Ahead of the launch of our new resource, Pro Bono Legal Work: A guide for in-house corporate lawyers, we spoke with Stephen Chang, Senior Legal Counsel, South Pacific Office of the General Counsel, Hewlett Packard Enterprise (HPE).
This is the first in a series we hope to share with you, to provide insight into what pro bono looks like for in-house lawyers at large companies.
Q: What pro bono legal work does HPE undertake?
Stephen: Currently, the HPE legal team in Australia is involved in three pro bono programs:
- Refugee Advice and Casework Service (RACS) with Norton Rose Fulbright;
- Human Rights Watch with Norton Rose Fulbright; and
- Arts Law DRS Panel.
Q: Why did HPE choose to establish a legal pro bono program in Australia? What benefits does involvement bring to the organisation and each of the lawyers involved?
Stephen: HPE’s Office of the General Counsel has a longstanding commitment to the community and pro bono work, which is shared by all of its members around the world. Through involvement in pro bono programs, we hope to make a real impact in the betterment of the community here in Australia, and enable our legal professionals to apply their skills outside of their professional roles.
Q: What criteria does HPE use to select the pro bono legal work it undertakes?
Stephen: We review the type of pro bono work we engage in on a periodic basis, but we generally select work that:
(1) better utilises the areas of law our team members have interests or expertise in; and
(2) fits with the work schedules and office locations here in HPE.
Q: How is your pro bono legal program managed? Is it part of the organisation’s wider community engagement program or managed separately?
Stephen: The pro bono legal program is managed globally by a team of lawyers who coordinate and track our involvement in pro bono across the world. In Australia, we appoint a member of the staff to act as key liaison with local pro bono program/projects. This is managed separately to HPE’s wider community engagement.
Q: How large is your legal team in Australia? What proportion of the team is involved in pro bono legal work?
Stephen: In Australia, HPE has five lawyers and all of us undertake pro bono legal work from time to time.
Q: Approximately how many hours per month are your lawyers involved in pro bono legal work? How do you balance the competing demands of pro bono work with your usual workload?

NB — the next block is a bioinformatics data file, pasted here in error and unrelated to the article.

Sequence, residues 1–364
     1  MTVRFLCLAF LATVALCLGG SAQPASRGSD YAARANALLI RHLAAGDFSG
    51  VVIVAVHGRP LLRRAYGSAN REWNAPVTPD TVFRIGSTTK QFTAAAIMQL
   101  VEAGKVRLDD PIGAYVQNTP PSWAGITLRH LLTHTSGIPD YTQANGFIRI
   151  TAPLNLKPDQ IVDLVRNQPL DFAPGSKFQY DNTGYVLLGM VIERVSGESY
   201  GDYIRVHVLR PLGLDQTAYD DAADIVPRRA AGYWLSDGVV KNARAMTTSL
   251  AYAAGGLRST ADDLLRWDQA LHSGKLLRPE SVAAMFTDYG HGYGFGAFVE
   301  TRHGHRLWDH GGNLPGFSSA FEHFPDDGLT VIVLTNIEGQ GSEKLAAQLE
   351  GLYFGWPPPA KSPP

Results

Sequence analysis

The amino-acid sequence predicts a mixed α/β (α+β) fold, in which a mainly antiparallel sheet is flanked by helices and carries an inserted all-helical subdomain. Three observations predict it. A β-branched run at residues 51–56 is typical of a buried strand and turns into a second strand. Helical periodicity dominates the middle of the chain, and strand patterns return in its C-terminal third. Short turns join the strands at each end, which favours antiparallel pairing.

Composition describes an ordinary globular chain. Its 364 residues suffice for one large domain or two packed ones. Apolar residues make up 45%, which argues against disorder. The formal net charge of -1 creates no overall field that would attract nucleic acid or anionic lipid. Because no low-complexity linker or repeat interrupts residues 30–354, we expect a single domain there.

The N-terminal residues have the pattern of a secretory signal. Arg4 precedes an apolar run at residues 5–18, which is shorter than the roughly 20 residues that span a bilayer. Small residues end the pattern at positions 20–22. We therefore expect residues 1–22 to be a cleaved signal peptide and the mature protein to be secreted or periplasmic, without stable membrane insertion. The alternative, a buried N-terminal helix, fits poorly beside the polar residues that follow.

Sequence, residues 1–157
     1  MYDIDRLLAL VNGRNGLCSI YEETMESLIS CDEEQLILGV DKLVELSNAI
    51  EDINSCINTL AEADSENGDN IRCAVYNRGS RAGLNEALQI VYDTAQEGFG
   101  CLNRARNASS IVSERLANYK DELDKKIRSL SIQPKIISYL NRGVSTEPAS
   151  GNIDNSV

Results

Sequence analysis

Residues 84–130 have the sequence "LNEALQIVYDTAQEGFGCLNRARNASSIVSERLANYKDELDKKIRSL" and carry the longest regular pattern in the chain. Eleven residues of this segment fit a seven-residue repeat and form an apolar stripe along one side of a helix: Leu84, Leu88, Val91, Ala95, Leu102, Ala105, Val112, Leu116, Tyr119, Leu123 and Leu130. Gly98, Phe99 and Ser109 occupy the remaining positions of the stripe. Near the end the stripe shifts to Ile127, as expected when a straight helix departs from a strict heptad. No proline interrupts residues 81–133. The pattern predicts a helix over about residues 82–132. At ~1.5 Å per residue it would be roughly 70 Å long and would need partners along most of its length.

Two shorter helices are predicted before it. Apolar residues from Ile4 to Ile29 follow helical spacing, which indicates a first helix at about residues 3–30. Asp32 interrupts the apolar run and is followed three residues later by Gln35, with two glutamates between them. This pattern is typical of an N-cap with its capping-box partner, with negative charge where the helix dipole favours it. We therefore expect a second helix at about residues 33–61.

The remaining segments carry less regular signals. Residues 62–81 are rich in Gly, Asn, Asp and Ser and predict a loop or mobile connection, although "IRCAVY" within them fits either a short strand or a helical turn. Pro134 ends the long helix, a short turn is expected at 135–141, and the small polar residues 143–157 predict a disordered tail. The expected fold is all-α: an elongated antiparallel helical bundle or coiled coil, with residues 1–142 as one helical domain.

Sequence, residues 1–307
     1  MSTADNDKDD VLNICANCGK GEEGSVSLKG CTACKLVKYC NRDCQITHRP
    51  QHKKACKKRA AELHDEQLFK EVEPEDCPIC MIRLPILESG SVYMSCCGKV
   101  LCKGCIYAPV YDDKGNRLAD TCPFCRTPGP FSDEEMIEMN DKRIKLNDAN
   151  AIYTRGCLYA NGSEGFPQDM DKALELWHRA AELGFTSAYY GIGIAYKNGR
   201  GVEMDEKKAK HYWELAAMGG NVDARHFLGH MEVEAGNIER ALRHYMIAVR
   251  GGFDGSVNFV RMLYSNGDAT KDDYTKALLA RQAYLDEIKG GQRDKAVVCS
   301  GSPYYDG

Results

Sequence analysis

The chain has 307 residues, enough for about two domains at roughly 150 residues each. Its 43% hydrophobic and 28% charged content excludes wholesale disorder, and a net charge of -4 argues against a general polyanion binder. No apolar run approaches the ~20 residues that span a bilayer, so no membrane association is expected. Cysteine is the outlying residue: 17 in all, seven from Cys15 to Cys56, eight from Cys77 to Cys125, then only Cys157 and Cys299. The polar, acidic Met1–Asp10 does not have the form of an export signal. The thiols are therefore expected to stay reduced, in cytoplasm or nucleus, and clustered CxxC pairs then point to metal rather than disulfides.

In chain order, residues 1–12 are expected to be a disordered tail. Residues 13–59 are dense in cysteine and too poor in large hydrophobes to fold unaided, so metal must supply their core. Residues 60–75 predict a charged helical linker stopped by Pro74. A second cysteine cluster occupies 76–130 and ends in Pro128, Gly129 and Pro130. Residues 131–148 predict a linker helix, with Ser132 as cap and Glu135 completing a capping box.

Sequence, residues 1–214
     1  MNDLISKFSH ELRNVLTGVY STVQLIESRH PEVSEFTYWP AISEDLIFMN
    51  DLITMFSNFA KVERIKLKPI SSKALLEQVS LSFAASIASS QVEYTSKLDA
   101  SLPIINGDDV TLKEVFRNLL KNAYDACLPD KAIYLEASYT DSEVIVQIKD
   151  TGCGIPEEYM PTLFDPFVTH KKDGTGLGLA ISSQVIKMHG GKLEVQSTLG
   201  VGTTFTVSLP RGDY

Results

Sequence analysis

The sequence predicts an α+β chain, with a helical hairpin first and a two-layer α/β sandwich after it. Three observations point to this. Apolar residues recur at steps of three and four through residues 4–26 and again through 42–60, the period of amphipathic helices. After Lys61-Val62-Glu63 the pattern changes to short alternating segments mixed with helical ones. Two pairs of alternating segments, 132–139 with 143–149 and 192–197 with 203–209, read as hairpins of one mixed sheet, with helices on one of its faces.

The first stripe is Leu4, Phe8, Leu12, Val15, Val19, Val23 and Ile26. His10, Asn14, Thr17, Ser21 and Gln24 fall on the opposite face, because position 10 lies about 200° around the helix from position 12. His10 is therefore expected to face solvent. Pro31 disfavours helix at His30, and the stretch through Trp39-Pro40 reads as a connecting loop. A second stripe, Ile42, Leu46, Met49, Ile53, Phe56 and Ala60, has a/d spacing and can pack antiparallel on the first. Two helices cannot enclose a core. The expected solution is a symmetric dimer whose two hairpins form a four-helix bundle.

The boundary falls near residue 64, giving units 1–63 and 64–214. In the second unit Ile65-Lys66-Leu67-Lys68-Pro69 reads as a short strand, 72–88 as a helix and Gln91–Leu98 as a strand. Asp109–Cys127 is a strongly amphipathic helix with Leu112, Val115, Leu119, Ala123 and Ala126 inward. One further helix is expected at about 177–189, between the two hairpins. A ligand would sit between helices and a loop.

Stephen: Time spent on pro bono work each month varies depending on workload and other commitments such as attending CLE seminars. However, we all aim to spend a minimum of 15 hours a year on pro bono work.
Q: What expertise and skills can your legal team apply to pro bono work? How have your skills been broadened and enhanced through involvement in pro bono?
Stephen: We have a range of expertise and skills that we can apply to pro bono work. For example, some lawyers have a background and/or interest in intellectual property and the arts, while others bring experience in pro bono work with human rights or community groups. Through participating in various kinds of pro bono work, we gain skills in areas we may not have previously been exposed to.
I personally have found RACS to be eye opening as you hear of the pain and suffering that asylum seekers have gone through, as well as seeing the administrative processes that they need to go through in order to obtain a humanitarian visa.
Q: You have previously done pro bono work in private practice. How has this experience impacted on your expectation to do, and experience of, pro bono work in-house?
Stephen: While we do not have pro bono lawyers dedicated to pro bono programs and coordination like in private practice, I was pleasantly surprised at HPE’s coordinated structure and approach to pro bono work in-house. I am able to choose the type of pro bono work and the hours spent depending on workload, and bring skills and experience of private practice pro bono work and apply it at HPE to continue to contribute to the community.